APPEAL from the Circuit Court of Cook County; the Hon. WILLIAM
S. WHITE, Judge, presiding.
MR. JUSTICE SCHAEFER DELIVERED THE OPINION OF THE COURT:
After a trial before a judge of the circuit court of Cook County, the defendant, Henry Jackson, Jr., was found guilty of unlawful possession of narcotic drugs. (Ill. Rev. Stat. 1965, chap. 38, par. 22-3.) He was sentenced to imprisonment in the penitentiary for not less than three nor more than four years, the sentence to run concurrently with a designated Federal sentence. On this direct appeal he contends that his conviction and imprisonment constitute cruel and unusual punishment in violation of the eighth and fourteenth amendments to the constitution of the United States.
This contention is based upon a projection of Robinson v. California (1962), 370 U.S. 660, 8 L.Ed.2d 758, 82 S.Ct. 1417, which held that the status or condition of narcotics addiction could not be made a criminal offense, punishable by imprisonment. The defendant argues that the decision in Robinson means that possession of narcotic drugs for self-administration "by an addict is an involuntary and compulsive incident of the disease of addiction," which can not be punished.
In deciding Robinson, the Supreme Court observed, "A State might impose criminal sanctions, for example, against the unauthorized manufacture, prescription, sale, purchase, or possession of narcotics within its borders." (370 U.S. at 664, 8 L.Ed.2d at 762.) And in People v. Nettles (1966), 34 Ill.2d 52, cert. denied, 386 U.S. 1008, 18 L.Ed.2d 448, this court rejected the same argument that the defendant now advances. The defendant would have us disregard what was said by the Supreme Court in Robinson, and overrule our decision in Nettles.
We do not reach the legal contentions urged by the defendant because the record in this case does not show that his possession of the heroin was the involuntary result of his addiction. At the hearing upon the defendant's motion to suppress the evidence, two police officers testified that a reliable informer had told them that the defendant had just sold heroin to him, and that the defendant had narcotics in his shoe. They arrested the defendant at once and four tinfoil packages were found in his shoe. After the motion to suppress was overruled and the defendant had waived a jury trial, it was stipulated that the evidence heard on the motion to suppress should be considered as the evidence heard upon the trial, and it was further stipulated that the substance found by the police officers in the defendant's shoe was heroin.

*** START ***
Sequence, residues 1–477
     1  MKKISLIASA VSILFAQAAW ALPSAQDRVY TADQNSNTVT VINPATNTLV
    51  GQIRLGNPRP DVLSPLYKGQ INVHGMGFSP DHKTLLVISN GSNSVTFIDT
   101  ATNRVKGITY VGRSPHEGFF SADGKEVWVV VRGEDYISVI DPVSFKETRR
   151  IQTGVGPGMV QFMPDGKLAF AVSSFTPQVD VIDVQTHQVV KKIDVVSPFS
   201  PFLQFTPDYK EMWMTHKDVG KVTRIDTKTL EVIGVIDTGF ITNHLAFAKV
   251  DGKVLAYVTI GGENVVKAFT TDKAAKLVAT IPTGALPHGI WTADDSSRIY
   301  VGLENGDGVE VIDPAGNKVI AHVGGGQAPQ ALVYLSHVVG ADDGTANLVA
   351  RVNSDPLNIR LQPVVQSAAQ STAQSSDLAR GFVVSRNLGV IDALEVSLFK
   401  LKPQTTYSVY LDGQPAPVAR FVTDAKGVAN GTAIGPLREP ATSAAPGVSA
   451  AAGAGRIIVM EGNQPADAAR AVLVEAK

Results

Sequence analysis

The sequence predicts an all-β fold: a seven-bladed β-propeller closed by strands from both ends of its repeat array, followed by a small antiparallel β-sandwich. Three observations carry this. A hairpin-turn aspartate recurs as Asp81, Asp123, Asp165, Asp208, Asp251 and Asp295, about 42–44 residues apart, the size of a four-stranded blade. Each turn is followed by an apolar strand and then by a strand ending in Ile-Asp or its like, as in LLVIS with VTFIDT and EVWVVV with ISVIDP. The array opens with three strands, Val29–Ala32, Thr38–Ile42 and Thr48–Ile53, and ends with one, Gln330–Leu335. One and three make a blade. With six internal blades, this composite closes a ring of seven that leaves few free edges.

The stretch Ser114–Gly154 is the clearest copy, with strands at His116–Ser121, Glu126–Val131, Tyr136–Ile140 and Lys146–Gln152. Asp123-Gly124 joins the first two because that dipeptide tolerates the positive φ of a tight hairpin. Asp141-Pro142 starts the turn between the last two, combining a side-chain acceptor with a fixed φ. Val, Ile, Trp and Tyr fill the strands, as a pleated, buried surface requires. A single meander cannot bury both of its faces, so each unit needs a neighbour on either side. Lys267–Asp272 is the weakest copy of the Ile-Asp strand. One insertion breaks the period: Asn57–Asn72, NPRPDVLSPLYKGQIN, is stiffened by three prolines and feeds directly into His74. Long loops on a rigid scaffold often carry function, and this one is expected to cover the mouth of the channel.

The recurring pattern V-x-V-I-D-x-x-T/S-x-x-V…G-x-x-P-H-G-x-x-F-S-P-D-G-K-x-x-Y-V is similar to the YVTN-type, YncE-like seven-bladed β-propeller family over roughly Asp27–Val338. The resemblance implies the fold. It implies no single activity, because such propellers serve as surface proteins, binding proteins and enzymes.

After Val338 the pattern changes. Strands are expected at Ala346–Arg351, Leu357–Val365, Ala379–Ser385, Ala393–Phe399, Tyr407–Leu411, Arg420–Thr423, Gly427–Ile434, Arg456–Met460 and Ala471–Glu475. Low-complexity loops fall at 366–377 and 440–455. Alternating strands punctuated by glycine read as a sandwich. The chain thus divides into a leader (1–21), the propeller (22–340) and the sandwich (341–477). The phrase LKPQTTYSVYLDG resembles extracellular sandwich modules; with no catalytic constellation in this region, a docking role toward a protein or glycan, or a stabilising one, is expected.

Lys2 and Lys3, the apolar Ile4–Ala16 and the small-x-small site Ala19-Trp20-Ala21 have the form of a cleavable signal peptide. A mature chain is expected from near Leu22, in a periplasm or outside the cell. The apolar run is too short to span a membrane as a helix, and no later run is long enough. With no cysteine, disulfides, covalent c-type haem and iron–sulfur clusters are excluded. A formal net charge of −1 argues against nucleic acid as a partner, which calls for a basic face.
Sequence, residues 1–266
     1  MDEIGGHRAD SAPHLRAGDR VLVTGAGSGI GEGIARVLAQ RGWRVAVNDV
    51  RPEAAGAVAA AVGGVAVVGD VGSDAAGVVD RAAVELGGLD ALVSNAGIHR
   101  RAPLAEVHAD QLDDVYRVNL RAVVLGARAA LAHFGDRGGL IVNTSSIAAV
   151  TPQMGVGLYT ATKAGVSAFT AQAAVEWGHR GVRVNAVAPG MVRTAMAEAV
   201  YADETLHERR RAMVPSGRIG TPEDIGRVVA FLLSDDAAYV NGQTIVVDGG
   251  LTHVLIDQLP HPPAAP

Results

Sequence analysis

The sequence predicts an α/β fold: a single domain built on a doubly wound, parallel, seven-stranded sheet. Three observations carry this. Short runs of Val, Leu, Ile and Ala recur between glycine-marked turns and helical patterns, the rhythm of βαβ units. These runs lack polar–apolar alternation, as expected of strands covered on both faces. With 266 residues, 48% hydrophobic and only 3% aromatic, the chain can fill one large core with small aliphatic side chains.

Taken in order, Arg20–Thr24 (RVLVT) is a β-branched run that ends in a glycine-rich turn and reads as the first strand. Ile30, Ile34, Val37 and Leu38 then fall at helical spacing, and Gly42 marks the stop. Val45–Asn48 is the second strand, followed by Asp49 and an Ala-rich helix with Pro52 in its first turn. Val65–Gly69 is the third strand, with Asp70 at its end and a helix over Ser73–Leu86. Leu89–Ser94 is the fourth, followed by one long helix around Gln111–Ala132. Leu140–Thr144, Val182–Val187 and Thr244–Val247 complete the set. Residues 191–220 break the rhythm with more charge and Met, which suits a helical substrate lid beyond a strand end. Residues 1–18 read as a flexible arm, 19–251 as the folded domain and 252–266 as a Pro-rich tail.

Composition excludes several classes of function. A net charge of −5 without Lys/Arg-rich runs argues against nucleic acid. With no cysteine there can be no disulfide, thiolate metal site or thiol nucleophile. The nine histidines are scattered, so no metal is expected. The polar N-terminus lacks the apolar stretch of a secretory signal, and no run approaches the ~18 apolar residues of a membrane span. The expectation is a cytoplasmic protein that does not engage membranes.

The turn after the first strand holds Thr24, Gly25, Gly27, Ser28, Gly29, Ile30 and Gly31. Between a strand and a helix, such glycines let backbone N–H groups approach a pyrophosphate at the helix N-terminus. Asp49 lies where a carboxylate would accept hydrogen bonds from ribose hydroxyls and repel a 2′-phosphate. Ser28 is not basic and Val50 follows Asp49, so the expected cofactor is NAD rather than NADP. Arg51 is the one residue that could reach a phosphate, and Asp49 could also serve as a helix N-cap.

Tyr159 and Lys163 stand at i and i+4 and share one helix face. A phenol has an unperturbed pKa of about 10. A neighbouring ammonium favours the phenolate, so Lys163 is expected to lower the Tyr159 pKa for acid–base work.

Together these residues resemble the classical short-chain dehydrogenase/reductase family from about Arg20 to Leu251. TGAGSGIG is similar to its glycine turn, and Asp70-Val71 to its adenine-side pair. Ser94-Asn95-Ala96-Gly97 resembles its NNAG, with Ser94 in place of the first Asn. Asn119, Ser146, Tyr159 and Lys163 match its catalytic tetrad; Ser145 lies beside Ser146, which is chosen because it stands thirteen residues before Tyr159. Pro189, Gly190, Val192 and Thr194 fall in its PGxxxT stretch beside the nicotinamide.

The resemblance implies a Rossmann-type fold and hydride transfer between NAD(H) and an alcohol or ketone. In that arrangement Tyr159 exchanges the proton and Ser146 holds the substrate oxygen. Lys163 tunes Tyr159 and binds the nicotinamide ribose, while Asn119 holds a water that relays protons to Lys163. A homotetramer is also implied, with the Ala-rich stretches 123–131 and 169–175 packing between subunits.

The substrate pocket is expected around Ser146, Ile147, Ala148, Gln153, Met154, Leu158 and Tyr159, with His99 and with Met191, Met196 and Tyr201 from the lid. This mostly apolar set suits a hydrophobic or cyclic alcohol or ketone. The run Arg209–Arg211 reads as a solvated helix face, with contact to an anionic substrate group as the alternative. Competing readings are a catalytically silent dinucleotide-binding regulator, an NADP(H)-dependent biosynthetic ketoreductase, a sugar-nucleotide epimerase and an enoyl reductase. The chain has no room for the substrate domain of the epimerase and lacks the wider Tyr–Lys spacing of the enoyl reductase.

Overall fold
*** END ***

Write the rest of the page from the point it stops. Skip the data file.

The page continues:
At the hearing on the motion to suppress, the defendant was asked on cross-examination, "You were addicted to narcotics on the date the police officers picked you up?" When the defendant's attorney objected, the assistant State's Attorney responded, "It's a question that goes to his credibility." The defendant's attorney then stated: "It is not material to me whether he is addicted or not. It is a question of whether or not he has ever been convicted of anything which would impeach his testimony and since counsel has nothing like that he is using everything he has got." The trial judge sustained the objection, ruling, "You may inquire as to the condition of the defendant at the time of his arrest."
The record thus shows that in the trial court the defendant's attorney had disclaimed any interest in his status as an addict, and the trial judge had limited the scope of the State's attempted impeachment to questions concerning the defendant's condition at the time of his arrest as it affected his testimonial capacity. Nevertheless, his present attorneys assert that the following passage at a later stage of the defendant's cross-examination shows that his possession of the heroin was the involuntary result of his addiction:
"Q. And you had 4 ten dollar bags, is that correct?
Q. And how big a habit did you have?
A. How big a habit did I have?
A. It did enough for me to shoot ...